When a human being without amplification makes a sound that is high and loud, it is almost unworldly.— Renee Fleming
The most unconventional Renee Fleming quotes to get the best of your day
My parents discussed singing every night over the dinner table; I had a tremendous music education.
Fostering creativity in children is as important as any other part of the school curriculum because it feeds the soul. A daily dose of creativity helps children imagine a better world and then create it.
We are unique, each human voice, not because we are completely self-generated, but because of who we choose to assemble the countless factors that made us.
We sing with the entire body. The sounds that we make emanate not just from the head, but from the whole heart and soul, and, most important, the gut.
I want to get out of the major opera houses.
There's no performance where I never have to think about setting up a phrase or making a technical adjustment while I'm performing.
So much can be gained from watching other singers, seeing what they do and what they don't do, seeing how they look when they breathe, how wide they open their mouths for a high note.
Perfection often creates such a flawless surface that there's no place for the audience to enter into a piece, while the idiosyncrasies of individual style are like windows into the singer's heart.
The reason that some singers go on to become great artists has very little to do with their voices, but rather with the fact that they have used their instruments as tools for detailed communication.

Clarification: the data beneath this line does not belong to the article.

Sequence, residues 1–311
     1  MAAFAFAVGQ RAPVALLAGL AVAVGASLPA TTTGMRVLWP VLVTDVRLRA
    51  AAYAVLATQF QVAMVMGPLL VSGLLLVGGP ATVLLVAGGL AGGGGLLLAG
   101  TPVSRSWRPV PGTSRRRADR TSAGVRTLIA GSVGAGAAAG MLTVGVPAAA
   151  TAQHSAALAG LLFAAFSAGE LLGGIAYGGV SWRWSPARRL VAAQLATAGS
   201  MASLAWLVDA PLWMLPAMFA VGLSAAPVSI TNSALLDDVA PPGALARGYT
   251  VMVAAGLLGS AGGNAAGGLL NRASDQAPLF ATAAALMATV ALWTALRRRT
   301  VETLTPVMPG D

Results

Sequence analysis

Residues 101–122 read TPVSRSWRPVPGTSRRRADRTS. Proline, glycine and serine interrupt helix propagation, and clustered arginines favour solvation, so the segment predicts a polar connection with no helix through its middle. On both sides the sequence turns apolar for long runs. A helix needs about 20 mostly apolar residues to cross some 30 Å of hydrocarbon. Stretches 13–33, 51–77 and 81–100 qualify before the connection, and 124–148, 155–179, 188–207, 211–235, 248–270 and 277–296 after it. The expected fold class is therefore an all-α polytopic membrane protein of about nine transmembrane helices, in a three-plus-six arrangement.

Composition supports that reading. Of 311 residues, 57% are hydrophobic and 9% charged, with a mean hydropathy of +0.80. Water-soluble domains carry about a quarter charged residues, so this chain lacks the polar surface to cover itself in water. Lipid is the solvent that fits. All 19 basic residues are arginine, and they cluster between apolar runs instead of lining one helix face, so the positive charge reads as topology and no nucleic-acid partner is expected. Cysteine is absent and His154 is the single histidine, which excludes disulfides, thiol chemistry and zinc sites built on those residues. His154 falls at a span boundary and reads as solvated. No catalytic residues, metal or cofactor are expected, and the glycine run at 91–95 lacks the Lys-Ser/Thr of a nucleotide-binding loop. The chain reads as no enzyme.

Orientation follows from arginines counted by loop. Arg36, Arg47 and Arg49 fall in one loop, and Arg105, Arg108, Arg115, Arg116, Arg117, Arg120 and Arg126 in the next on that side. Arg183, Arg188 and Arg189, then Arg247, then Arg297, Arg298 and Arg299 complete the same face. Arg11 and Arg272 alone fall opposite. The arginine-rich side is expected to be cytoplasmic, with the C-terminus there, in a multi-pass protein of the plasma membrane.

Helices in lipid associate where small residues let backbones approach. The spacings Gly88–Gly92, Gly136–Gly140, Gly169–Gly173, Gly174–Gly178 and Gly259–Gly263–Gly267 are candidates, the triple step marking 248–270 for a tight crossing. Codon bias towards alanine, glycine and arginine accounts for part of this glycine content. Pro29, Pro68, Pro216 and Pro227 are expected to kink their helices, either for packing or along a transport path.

The student's job is to stay open-minded, to quell the knee-jerk defensiveness we all possess in the face of suggestions for improvement, and to maintain patience when faced with a process that is often slow, confusing, and frustrating.
I want to keep my voice young, with nothing heavy.
I've always been inspired by artists who have shown musical and intellectual curiosity and the courage to take risks.
One of my timesaving habits is to save all of my magazines and junk mail for airplane trips. I walk on the plane with a very heavy bundle, but by the time the trip is over, it can all be thrown away.
I cannot imagine a more satisfying calling than my own: beauty, humanity, and history every day, combined with the cathartic joy of singing.
Very few opera singers in history have been able to cross into popular music.
Well, any time Im preparing for a performance or even a rehearsal, its as if in a way, like any other athletes, these are muscles that support the vocal cords which are just I believe cartilage. It demands a kind of constant warming up and a constant feeling of where is the voice today.